SINGAPORE - A pilot textile recycling plant will open in Singapore as early as 2024, as part of an overall investment into Singaporean textile recycling capacities.
Part of these investments include a new textile recycling research centre that opened on Thursday (Aug 4).
The new research centre and eventual recycling plant - which would produce new fabrics and materials from used fabrics, such as old clothes - mark Singapore's first attempt at recycling used textiles, beyond reusing them.
Research from the centre will be piloted at the nation's first textile recycling plant, which will recycle 8,760 tonnes of fabric waste per year at full capacity. This is equivalent to the weight of 58.4 million T-shirts.
The new research centre in Nanyang Technological University (NTU) comes from a $6 million investment from Royal Golden Eagle (RGE), a global resources-based manufacturing group and the world’s largest producer of viscose.
RGE executive director Perry Lim said there is an urgent need to begin recycling textile waste in Singapore, as he said the Republic produced 189,000 tonnes of textile waste last year, from sources like discarded clothing, linens and bags.
Mr Lim said: "Currently, only 4 per cent of textiles are being (repurposed) and are either given to lower-income families or exported to other countries."
Furthermore, after the clothing has completely deteriorated in quality, it is ultimately thrown away and wasted.
Therefore, Mr Lim said it is important to develop new and better ways of recycling textiles into higher-quality materials to increase the lifespan of raw materials such as cotton.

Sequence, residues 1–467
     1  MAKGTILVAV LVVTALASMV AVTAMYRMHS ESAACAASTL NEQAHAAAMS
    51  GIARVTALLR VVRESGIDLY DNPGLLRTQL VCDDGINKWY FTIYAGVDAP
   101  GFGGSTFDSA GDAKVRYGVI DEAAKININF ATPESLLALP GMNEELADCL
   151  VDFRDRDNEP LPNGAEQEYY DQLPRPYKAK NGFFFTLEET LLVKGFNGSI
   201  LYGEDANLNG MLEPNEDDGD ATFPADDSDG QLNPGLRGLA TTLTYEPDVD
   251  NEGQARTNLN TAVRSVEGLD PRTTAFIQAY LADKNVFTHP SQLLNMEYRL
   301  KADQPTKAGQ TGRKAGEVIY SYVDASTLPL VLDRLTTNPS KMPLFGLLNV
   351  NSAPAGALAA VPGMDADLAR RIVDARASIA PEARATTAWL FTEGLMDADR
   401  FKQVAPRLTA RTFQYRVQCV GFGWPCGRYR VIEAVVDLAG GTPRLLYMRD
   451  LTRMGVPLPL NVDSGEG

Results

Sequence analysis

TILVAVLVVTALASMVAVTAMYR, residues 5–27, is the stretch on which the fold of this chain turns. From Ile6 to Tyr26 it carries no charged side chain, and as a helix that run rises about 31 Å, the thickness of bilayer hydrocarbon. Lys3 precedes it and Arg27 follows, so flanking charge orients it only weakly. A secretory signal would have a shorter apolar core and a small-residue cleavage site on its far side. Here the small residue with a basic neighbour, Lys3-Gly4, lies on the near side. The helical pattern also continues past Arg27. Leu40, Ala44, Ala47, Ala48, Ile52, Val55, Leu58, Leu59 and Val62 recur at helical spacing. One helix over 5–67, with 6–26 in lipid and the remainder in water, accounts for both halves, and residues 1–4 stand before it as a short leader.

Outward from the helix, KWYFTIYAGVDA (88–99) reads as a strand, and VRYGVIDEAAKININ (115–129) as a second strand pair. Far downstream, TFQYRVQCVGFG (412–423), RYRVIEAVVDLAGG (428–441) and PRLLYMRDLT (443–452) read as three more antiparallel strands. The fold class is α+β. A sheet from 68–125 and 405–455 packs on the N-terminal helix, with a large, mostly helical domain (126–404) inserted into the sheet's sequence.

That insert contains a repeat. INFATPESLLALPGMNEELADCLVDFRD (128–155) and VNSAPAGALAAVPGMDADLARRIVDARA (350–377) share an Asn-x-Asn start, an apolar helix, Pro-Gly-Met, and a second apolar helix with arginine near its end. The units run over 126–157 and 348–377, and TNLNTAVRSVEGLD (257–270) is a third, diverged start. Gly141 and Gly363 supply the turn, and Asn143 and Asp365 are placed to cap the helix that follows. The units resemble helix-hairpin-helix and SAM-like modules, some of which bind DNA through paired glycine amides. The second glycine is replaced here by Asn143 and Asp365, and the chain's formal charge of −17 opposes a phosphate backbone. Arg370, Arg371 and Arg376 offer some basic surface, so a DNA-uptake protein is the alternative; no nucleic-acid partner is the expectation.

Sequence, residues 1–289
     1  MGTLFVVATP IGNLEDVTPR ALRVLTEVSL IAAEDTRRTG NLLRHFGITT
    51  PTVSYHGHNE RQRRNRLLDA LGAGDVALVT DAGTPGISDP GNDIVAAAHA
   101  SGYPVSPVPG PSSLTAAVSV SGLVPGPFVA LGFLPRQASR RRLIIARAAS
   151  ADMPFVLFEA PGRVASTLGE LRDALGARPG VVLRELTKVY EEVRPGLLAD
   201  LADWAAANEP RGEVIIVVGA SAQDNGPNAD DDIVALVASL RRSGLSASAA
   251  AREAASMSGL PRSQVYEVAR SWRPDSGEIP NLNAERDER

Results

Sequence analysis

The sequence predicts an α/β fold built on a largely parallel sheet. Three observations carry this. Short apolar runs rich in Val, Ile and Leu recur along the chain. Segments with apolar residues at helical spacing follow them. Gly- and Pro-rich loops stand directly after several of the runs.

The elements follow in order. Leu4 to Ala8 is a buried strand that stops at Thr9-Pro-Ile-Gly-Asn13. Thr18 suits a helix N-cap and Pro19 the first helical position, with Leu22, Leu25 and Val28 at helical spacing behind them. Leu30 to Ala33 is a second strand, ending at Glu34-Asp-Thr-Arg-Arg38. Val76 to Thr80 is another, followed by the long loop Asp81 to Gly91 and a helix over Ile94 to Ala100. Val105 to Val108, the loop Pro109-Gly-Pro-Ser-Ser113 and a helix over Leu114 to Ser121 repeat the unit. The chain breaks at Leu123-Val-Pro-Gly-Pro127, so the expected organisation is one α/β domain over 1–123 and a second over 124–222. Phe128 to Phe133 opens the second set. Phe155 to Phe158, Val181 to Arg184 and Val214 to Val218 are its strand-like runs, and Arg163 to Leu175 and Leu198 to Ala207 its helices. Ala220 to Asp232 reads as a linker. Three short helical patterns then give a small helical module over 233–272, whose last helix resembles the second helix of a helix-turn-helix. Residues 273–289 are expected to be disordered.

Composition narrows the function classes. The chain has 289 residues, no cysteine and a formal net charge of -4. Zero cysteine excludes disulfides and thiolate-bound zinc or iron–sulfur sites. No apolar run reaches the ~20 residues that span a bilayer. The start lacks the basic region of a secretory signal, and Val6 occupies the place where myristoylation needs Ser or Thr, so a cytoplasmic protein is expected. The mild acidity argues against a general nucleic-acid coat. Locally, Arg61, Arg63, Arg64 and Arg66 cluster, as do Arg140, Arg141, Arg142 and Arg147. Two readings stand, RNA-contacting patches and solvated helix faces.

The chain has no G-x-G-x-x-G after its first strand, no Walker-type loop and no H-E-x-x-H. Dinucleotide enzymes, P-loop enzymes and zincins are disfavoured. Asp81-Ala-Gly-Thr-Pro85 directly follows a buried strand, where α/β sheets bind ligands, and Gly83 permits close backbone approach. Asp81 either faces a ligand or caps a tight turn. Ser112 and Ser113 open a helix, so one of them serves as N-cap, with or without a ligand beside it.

However, recycling fabric waste has many challenges, said Professor Hu Xiao from the NTU School of Materials Science and Engineering, one of which is the separation of combination fibres used frequently in clothing - such as the cotton-polyester blend.
Prof Hu, who co-leads the new RGE-NTU Sustainable Textile Research Centre, said: "These blended fibres are actually a weave of cotton and polyester fibres twisted in a very thin diameter."
He added that separating them mechanically would be too complicated and also make the constituent fibres unusable.
But he said the centre aims to overcome this difficulty by dissolving such fibres chemically to retrieve their base materials.
In the case of the cotton-polyester blend, these would be cellulose - found in the walls of plant cells - and recovered polyester, which is a kind of plastic.
Prof Hu said the cellulose would then be converted into viscose, which is made primarily of cellulose, and recovered polyester could be used in a myriad of things, such as clothes and adhesives.
Presently, Prof Hu said the chemical process developed at the centre can break down a textile made of cotton-polyester blend into its base materials in under two hours.
The centre, which is also led by Dr Jaroslav Stavik, head of RGE R&D, will also search for ways to strip dye from fabrics without using toxic chemicals like bleach, among others, to make the fabric recycling process less environmentally harmful and cheaper.
Although there are presently textile recycling efforts in the United States, Europe and Asia, Prof Hu said most of these centres focused on repurposing the fabrics with some slight chemical treatment.
He added that many of these efforts are by start-ups which can lack expertise and scale.
Prof Hu said: "This collaboration between NTU and RGE is really the first of its kind."